The Sutton Trust have published a large report on Access in Scotland. It is critical of the methods I have used and is authored by a fantastic researcher.
IF WE DISAGREE IT IS MORE LIKELY THAT THEY ARE RIGHT THAN THAT I AM RIGHT.
Scotland's poor aren't going to University. England's are. That's what I've heard. Does the open data agree?
University in England costs up to £9000 per year, except for the very poorest students who pay nothing. In Scotland, at considerable expense to the Scottish government, University is free for everyone, except the English. The Scottish government's stated goal with this policy is to increase participiation, and yet there are increasingly loud and serious voices saying that the opposite has happened.
The Scottish Conservatives say that Scotland is by far the worst in UK at getting kids from the poorest families into university. The Economist note that the proportion of university students who come from the lower social classes is far lower in Scotland than in England: 27.9% compared to 31.4%. And John McDermott in his excellent piece "The SNP has failed Scotland" said, of Scotland's enviable historic record of educating the poor, that the legacy is fraying.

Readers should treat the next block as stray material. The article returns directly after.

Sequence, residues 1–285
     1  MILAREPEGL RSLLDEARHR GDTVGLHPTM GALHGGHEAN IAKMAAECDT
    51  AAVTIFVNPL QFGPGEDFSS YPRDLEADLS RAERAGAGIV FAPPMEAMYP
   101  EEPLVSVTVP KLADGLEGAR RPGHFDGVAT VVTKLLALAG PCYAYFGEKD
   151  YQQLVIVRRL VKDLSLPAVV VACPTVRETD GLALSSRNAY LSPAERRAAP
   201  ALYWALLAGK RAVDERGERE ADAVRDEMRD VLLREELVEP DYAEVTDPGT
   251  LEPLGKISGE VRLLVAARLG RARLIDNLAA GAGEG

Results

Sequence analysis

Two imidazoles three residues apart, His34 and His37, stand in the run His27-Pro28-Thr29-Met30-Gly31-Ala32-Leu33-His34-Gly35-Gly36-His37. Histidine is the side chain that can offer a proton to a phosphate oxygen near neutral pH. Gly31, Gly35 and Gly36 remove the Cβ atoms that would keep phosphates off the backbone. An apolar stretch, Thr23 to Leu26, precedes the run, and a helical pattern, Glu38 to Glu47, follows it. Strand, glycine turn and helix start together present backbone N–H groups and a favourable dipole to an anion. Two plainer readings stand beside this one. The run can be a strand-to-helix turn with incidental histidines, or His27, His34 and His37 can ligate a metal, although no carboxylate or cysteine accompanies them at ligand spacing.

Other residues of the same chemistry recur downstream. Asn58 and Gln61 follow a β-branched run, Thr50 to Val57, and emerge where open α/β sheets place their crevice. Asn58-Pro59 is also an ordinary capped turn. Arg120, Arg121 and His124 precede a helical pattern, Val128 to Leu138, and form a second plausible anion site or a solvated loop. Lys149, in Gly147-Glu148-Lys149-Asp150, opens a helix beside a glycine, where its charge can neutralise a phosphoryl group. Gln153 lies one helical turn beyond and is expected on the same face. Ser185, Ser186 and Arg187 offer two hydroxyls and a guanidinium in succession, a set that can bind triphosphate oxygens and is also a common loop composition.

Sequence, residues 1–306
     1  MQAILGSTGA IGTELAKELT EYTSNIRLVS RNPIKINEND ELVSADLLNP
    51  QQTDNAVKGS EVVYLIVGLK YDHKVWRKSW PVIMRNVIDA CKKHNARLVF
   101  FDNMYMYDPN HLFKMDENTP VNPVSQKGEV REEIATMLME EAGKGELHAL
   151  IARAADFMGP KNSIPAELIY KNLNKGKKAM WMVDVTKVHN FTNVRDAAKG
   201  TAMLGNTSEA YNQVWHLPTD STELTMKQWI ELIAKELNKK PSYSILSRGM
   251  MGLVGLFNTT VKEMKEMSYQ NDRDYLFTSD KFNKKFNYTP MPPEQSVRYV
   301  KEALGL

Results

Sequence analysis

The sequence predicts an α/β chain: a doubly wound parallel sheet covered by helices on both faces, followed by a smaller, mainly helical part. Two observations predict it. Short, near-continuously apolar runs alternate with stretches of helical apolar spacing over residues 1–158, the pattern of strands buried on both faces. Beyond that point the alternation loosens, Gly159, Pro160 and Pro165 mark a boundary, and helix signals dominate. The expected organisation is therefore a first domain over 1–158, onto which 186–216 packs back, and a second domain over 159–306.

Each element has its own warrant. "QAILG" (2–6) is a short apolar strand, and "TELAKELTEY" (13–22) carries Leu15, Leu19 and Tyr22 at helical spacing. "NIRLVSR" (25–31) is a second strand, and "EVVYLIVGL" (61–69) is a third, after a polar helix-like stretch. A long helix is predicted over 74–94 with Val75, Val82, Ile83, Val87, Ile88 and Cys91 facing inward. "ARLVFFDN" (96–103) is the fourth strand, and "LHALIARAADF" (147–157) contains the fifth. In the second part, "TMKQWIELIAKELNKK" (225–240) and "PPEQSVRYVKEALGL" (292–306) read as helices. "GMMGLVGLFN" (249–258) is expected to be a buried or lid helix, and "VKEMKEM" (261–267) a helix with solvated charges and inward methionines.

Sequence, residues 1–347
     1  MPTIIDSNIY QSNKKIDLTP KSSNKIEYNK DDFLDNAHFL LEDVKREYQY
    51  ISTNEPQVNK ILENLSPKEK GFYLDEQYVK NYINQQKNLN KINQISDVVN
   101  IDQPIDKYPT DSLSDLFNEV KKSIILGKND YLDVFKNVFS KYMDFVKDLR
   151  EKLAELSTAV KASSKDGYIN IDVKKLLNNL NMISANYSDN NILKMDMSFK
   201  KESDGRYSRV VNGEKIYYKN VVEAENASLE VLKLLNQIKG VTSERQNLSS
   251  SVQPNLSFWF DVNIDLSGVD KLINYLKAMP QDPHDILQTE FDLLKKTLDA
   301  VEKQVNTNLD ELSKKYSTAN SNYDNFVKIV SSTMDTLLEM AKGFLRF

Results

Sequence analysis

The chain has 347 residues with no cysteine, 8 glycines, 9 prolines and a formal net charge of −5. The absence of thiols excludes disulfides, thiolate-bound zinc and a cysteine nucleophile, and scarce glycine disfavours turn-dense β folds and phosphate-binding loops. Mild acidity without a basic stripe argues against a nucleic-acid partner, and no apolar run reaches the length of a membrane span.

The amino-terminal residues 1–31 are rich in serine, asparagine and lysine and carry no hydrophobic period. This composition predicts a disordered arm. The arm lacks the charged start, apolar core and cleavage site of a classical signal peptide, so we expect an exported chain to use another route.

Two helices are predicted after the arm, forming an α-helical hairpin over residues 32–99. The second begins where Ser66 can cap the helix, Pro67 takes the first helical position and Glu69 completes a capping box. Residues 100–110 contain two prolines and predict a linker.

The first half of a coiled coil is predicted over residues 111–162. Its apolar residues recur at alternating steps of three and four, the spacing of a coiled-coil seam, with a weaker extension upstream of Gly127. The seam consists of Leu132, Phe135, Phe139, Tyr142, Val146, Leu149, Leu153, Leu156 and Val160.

I accepted the arguments, and I changed my view on tuition fees from weakly against to weakly for. I probably still think that, but the data never felt completely right.
All the arguments about Scotland's performance seem to be based on data, initially from the Higher Education Funding Council for England (HEFCE) and more recently from the Universities and Colleges Admissions Service (UCAS). Specifically they rely on the participation of local areas (POLAR) classifications. The first problem with this data is that it doesn't seem to show what people are saying.
Scotland's inequality of access (the Q5:Q1 ratio, from data in the table below) does seem to be the highest of any UK nation, but over the past decade it has come down the most. This looks like success not failure to me.
The second problem is that these data are neither open, nor available at regional level. I've asked.
Closed data is okay, until it starts to look wrong and you can't check it. Comparing England and Scotland without adjusting for the presence of the UK's capital in London is almost never sensible.
In the table above Scotland's university access rate is by far the lowest of all UK nations for the poorest fifth of children (Q1), but it is also by far the lowest for the richest fifth of children (Q5). This doesn't square with lots of other data showing that the university access rate in Scotland's cities, even the poorest, is exceptionally high.
I was determined to figure out what was wrong but history and devolution make comparing nations within the UK difficult. Most Scottish pupils take highers not A-levels and go to Universities (themselves defined slightly differently, which may flatter Scotland) aged 17, not 18 as in England. Deprivation is hard to compare across borders too, with subtle differences in the indeces of multiple deprivation for each UK nation. I needed a different method.